If your furry friend has dog tear stains, you might be wondering how to get rid of them. They can be unsightly, detracting from your dog’s beautiful face. In some instances, the presence of tear stains may indicate other problems.
And though we love a good hello from our dogs when we walk through the door, we don’t necessarily want wet tear stains all over us either.
So what causes dog tear stains, and how can you get your dog’s face stain-free?
What are dog tear stains?
Some dogs have lines on their face caused by “tear stains.” They look similar to the lines that you see on a cheetah’s face (thank you National Geographic!) and often get worse with age.
They’re normally reddish-brown in colour and are more obvious on dogs with lighter coats. That’s also why they’re often more obvious with age. As the dogs get older and their coats go grey, tear stains become more noticeable.
What causes dog tear stains?
Dog tear stains are usually caused by one of two things. Either the dog produces too many tears, or the tears aren’t able to drain away properly.
A dog might produce excess tears due to allergies, irritation, stress, or illness. Or they might just produce more tears than other dogs with no real underlying causes.
Problems with tear drainage could be caused by blocked tear ducts, shallow eye sockets, or even hair growing around the eyes stopping the tears from wicking away.
There are pigments called porphyrins in dogs’ tears, which are what cause the reddish-brown colour. They darken when exposed to sunlight, which is why your dogs’ “normal” tears aren’t red.
How can you treat dog tear stains?
The really important question here is “how do you get rid of them?”
There are a wide range of products, at-home remedies, and some potential vet treatments available.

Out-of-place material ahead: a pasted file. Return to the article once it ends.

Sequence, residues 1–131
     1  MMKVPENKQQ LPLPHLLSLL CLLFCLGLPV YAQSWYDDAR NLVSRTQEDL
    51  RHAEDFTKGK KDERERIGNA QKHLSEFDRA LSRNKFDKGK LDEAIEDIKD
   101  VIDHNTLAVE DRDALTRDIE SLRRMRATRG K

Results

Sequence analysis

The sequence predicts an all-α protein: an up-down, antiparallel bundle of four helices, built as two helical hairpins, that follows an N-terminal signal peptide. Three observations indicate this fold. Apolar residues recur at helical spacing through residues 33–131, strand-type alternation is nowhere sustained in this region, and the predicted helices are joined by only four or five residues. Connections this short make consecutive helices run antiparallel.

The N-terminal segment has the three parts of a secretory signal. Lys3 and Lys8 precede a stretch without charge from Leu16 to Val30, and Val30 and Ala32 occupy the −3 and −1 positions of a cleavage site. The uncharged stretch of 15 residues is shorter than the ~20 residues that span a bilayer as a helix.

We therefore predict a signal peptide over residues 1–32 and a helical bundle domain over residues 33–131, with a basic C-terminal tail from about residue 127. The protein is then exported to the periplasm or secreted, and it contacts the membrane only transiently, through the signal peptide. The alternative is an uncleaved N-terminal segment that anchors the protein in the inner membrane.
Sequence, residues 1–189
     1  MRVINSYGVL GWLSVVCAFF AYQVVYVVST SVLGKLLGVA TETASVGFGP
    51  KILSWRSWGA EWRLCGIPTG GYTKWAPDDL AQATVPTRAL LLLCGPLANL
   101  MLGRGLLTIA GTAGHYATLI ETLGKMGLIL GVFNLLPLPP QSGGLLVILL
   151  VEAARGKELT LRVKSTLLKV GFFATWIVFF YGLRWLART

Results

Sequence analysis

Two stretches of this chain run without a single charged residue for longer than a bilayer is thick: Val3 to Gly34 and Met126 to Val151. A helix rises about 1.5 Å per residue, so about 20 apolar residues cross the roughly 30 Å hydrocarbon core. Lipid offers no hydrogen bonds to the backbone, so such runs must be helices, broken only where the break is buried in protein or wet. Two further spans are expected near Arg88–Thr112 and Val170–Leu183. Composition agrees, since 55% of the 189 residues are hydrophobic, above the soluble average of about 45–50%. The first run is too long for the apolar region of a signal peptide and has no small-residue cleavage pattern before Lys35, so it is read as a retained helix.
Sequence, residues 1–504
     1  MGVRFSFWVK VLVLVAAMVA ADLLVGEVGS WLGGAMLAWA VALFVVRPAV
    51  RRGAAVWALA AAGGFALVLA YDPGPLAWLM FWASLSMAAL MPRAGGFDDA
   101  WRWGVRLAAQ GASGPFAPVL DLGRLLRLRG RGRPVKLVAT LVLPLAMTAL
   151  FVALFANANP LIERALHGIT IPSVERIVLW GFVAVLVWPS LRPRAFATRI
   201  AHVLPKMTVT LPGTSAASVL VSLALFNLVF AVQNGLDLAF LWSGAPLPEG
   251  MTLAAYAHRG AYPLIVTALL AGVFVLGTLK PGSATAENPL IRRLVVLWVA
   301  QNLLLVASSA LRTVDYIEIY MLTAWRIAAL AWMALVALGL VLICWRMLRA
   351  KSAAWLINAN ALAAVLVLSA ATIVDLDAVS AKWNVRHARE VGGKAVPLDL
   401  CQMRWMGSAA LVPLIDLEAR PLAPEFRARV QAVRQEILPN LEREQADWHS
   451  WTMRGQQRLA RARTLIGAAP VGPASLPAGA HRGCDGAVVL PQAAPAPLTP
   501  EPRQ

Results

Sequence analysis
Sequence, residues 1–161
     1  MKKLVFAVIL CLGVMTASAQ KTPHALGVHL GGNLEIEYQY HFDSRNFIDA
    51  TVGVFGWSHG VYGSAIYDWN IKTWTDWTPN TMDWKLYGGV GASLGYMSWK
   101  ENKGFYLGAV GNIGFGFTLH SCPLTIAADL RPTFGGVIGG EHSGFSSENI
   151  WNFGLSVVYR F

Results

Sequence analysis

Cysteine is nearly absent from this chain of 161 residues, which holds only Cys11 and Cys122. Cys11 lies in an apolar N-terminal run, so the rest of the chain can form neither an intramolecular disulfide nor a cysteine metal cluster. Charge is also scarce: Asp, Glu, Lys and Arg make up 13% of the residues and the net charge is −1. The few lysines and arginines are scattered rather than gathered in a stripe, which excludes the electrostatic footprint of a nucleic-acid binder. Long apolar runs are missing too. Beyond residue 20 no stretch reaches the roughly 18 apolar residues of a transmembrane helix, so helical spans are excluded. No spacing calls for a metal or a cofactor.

The right choice will depend entirely upon you and your dog.
Visit your vet before you start trying to treat dog tear stains, to determine the underlying cause/s. Some of them, like obstructed tear ducts, can be treated successfully.
In some instances, a dog’s tear stains can be caused by a poor or unbalanced diet. Some people have good luck with changing their dogs’ diet or adding a probiotic to the food. Check out our advice on the pros and cons of raw food, and speak to your vet about their food recommendation too.
Some people have success with adding apple cider vinegar to their dog’s diet. Apparently, this may be because it changes the pH of your dog’s system. There’s no hard evidence, but it won’t do any harm and apple cider vinegar can be good for digestive health too.
If you’re a smoker, you might also consider only smoking outside. Some dogs can develop eye irritation and excessive tearing as a result of exposure to cigarette smoke.
You may also want to try using anti-histamines to see if your dog’s tears could be caused by allergies. And if your vet does suggest allergy medication or antibiotics, prepare with our advice on how to give medicine to your puppy or dog.
At-home remedies for removing dog tear stains
Wiping your dog’s eyes and tear stains is a good habit to get into if you want to keep any marks at bay. Especially if you haven’t had any luck with finding an underlying cause for the excess tears.
You can try treating your dog’s tear stains at home with one of the following remedies:
- Wipe your dog’s face and eyes twice daily with a clean cloth dipped in warm water
- Or, use cotton wipes dipped in cold green or chamomile tea to wipe away the stains
- You can also use a contact lens cleaning solution (or a dog-friendly eye wash or saline solution) to gently wipe around your dog’s eyes
- Trim any long or loose hairs around the eyes carefully (or ask a groomer)
Don’t use hydrogen peroxide, bleach, or any other harsh chemicals unless specifically approved by your vet. If you’re not confident about home remedies, there’s specially developed products available too.
Commercial dog tear stain removers
There are a lot of treatment options on the market when it comes to dog tear stains, and we’re sorry to say it will be a case of trial and error. Give them a fair chance to work, and always choose a stain remover formulated specifically for pets. Here are a couple of options to get you started:
Once you find something that works for you, stick with it!
Work alongside your vet
If you’re not sure what to try for your dog’s tear stains, always consult with your vet. They’ll be able to guide you towards a treatment which might help and can diagnose any underlying issues.
If you have pet insurance, you can visit the vet to discuss your concerns without being put off by the potentially high cost. Check out our dog insurance plans here to find a policy which suits your needs.